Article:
Review of ASP.NET MVC in Action

I recently read ASP.NET MVC in Action by Jeffrey Palermo, Ben Scheirman, and Jimmy Bogard. The publication is an excellent introduction to the the ASP.NET MVC framework. The authors provide excellent background on the problems facing the MS development community and the solutions that ASP.NET MVC has offered to these problems. These problems include the general ineptitude of the view engines with which traditional ASP development and even webforms development were driven.

ASP.NET MVC is the clear answer to seperation of concerns that webforms attempted to give us with the code-behind files. The introductory chapter will get the beginner up and running quickly. The diagrams illustrate the points that the concise text makes. Even those without any experience with an MVC framework will find the directions and explanations well-thought-out and easy to follow.

Beyond the introductory content, I was genuinely impressed with the depth that the authors dove into the community and the framework. Phil Haack’s route debugger, a piece of code intimately familiar to those of us who have been following the development of the framework since its early days, is mentioned and code based upon it is provided. The authors discuss such advanced techniques as creating a custom controller factory, a must for those of us who employ dependency injection.

Each new concept is introduced with illustrative code examples. I was particularlly impressed with Chapter 9: Ajax in ASP.NET MVC. A note on unobtrusive Javascript reads:

You might notice throughout this chapter that I prefer unobtrusive Javascript. This means that the functionality of the page degrades gracefully in the absence of Javascript.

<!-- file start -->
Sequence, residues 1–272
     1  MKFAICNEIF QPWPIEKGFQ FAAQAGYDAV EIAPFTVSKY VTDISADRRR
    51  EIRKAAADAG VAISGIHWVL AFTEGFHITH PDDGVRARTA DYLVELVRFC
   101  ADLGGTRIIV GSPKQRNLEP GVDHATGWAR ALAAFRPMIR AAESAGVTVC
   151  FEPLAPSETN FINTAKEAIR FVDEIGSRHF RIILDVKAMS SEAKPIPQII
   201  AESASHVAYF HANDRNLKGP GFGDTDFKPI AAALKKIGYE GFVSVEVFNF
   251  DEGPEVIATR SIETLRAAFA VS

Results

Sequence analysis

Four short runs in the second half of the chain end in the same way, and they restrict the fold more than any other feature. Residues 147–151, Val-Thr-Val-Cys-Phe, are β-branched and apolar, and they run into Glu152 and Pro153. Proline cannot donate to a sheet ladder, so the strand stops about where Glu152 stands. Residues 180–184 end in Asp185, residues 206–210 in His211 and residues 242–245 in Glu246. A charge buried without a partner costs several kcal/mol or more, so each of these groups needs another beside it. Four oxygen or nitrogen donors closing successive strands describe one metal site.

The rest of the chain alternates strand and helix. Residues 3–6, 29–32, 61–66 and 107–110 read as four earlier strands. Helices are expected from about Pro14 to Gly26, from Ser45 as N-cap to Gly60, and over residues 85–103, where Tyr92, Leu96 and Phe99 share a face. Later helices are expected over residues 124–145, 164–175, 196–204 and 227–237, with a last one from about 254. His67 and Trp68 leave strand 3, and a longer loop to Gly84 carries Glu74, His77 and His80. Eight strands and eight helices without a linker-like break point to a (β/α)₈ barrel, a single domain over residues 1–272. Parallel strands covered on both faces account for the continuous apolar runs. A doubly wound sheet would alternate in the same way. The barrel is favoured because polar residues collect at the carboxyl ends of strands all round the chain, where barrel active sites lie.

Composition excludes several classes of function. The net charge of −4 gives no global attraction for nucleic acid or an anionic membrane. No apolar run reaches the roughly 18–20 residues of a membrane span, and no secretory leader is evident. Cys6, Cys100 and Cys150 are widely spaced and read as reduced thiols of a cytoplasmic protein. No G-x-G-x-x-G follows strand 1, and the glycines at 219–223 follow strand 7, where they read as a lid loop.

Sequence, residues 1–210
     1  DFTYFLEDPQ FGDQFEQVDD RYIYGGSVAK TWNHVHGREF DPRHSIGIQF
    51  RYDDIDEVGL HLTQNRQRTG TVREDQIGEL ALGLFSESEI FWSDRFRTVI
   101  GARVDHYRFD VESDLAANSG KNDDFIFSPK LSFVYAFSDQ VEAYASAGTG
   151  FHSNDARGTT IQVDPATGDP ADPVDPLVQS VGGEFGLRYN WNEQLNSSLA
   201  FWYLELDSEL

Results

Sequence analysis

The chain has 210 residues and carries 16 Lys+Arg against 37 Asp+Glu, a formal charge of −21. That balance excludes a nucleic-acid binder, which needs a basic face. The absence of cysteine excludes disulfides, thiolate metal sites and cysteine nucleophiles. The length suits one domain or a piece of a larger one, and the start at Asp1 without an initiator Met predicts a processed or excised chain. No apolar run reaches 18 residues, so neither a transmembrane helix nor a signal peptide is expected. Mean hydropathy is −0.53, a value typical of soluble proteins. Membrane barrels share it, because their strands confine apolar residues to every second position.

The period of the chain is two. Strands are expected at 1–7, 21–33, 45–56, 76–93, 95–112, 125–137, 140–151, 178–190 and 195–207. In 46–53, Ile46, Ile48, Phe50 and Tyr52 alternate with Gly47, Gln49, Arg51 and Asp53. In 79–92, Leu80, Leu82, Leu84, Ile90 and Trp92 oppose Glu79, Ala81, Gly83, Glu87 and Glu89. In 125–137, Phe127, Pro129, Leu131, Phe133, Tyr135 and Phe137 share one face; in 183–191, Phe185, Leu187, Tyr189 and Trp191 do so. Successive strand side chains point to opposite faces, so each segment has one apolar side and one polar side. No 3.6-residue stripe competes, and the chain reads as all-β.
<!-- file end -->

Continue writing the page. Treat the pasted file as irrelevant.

This shows careful attention by the authors to provide guidance on best practices. You will find this type of detail throughout the book. This is very refreshing because the Microsoft development community has lagged behind other communities in following wise guidelines and setting sensible best-practices.

The new Microsoft embrace of open-source is also made obvious as the authors present jQuery code in the AJAX chapter.

Chapter 10, hosting and deployment, is a testament to the thoroughness with which the framework is covered. Deploying on IIS6 and earlier, something that can be quite tricky, is covered well. The configuration option of using .aspx extensions as well as the option to use URL rewriting are covered. URL rewriting can be quite difficult, but the authors provide examples to bring it all together.

The ASP.NET MVC framework is a breath of fresh-air for the Microsoft development world. It is a sensible, logical framework that allows extensibility. ASP.NET MVC and WCF are the two best frameworks that Microsoft has ever produced, in my opinion.

ASP.NET MVC in Action will guide you from your first project through advanced topics such as AJAX and deploying on suboptimal (read IIS6) hosting environments. The writing style is clear and concise. Diagrams and code examples are abundant. I recommend it for anyone looking for a great resource for learning about or becoming a better user of the ASP.NET MVC framework.

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